Alan Greenspan, the Big Man in Finance

It occurs to me that the big man in finance is not Alan Greenspan or whoever happens to chair the SEC at the moment, not the heads of Wall Street trading firms and certainly not the business moguls who run international companies.

The big man in finance is the institutional investor and it’s long past time for him to exert pressure for reform to a degree that matches his power. Like McDonalds in the French fried potato market, the institutional investor is the big guy on the block. When McDonalds wants a particular potato, they don’t have to look for it, growers are anxious to fill the need.

So, if institutional investors want one of their own, John H. Biggs, who is himself chairman of a large pension system and who all (except the brokerage houses) want and esteem, to head the new SEC accounting regulatory agency, they’re going to get him. That is, if they make their desires known. McDonalds, after all, has to name the potato.

If institutional investors want teeth and transparency in accounting procedures, they’re going to get them, no matter the desires of conglomerates to cook the books.

Likewise, if they want stock options declared as expenses, that will happen as well.

Overcompensated CEO’s, outrageous Golden Parachutes, rubber stamp Boards of Directors? All can be changed most effectively by institutional avoidance of the stock.

Don’t like some of the derivative gimmicks that cloud already obscure balance sheets? The delicate fist of the institutional investor will be heard if it decides to pound the table.

Name your relief of choice or your regulation of the day and, if you worry yourself sick over your fifty-two shares of Universal Gidget, you may as well whistle in the night, passing a graveyard. But if you make the decision on how (and where) to invest billions of dollars in pension funds, you’re going to have your way.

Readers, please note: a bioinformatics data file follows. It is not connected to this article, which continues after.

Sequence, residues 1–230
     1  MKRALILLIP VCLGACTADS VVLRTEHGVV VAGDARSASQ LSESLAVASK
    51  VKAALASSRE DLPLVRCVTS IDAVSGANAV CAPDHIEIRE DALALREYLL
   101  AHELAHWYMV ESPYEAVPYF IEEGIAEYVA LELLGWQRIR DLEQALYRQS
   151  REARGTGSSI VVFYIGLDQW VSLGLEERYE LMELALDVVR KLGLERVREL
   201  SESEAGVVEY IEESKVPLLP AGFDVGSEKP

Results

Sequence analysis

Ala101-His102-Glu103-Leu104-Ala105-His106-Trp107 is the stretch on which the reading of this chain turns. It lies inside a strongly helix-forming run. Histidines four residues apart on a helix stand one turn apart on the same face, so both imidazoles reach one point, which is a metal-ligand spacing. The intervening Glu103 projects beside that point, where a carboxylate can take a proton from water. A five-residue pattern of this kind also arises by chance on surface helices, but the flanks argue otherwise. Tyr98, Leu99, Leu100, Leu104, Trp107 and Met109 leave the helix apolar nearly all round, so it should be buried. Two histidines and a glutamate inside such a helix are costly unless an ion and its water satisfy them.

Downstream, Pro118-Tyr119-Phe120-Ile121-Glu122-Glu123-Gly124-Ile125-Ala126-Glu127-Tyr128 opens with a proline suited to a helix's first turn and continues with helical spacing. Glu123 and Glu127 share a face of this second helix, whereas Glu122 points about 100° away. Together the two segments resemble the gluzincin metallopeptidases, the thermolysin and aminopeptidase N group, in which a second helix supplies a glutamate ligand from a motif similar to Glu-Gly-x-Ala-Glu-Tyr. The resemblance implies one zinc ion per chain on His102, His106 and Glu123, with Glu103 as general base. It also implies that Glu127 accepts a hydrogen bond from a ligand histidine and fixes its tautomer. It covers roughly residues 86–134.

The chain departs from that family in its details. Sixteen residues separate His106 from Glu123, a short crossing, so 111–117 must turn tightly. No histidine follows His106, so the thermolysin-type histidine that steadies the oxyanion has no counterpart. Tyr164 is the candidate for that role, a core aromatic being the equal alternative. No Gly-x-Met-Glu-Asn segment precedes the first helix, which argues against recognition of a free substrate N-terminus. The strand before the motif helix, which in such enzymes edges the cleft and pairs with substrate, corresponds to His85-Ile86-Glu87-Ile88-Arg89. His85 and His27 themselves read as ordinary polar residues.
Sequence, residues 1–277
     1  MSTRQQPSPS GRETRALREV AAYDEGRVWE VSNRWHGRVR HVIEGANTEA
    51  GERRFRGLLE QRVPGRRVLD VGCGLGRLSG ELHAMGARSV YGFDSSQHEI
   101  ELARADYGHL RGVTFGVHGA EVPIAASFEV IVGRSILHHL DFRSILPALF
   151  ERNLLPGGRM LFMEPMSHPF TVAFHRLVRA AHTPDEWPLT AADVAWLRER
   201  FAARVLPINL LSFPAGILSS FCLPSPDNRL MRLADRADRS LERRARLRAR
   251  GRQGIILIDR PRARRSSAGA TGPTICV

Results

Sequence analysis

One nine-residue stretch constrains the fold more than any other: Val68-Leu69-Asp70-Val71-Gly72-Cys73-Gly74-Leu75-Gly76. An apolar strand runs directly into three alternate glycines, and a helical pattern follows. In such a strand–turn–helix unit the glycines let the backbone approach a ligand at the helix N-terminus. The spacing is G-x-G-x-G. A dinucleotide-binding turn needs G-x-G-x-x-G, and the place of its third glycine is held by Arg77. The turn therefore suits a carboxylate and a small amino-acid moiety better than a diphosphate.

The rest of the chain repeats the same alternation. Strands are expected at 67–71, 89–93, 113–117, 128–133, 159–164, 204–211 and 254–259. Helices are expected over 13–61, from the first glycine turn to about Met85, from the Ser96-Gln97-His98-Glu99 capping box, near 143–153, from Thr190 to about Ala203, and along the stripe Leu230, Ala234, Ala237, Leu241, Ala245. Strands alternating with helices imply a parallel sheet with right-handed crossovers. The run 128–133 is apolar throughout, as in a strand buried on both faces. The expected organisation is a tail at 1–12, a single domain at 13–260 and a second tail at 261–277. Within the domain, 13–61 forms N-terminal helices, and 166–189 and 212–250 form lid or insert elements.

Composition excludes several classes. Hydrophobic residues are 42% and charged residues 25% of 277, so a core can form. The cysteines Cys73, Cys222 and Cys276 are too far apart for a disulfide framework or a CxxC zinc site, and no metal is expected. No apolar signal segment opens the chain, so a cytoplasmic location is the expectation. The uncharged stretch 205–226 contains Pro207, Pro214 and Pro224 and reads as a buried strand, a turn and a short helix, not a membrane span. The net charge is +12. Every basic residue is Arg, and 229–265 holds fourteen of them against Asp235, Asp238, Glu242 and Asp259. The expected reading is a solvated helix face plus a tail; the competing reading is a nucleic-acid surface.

I presume there is a professional association of institutional investors and, if there isn’t, there ought to be. These guys invest the retirement money of millions of schoolteachers, working stiffs and small pensioners and their responsibility is greater than Warren Buffet to himself. A hit in the market for these folk isn’t just a “win some, lose some” event, but a lifestyle threatening disaster. It’s not news to you that the meltdown of WorldCom, Enron and others swept away a good portion of the little guy’s money. Presuming the institutional investor takes these people seriously as a trust, banded together, they could pretty much have their way with the methods whereby publicly traded companies report their results and keep their books.

And, almost as a side issue, you get better run companies that are more consistently profitable in the bargain.

My Daddy used to say that the market was made up of “the sheep, and those who shear the sheep.” But Daddy was a creature of the Depression and those were times before such things as institutional investors. What hasn’t changed since the Thirties is the incredible ability of the greedy to find new investment vehicles to support their greed.

Institutional investors are our best shot at a shepherd—far better than the Congress and miles ahead of any systems suggested by Wall Street.

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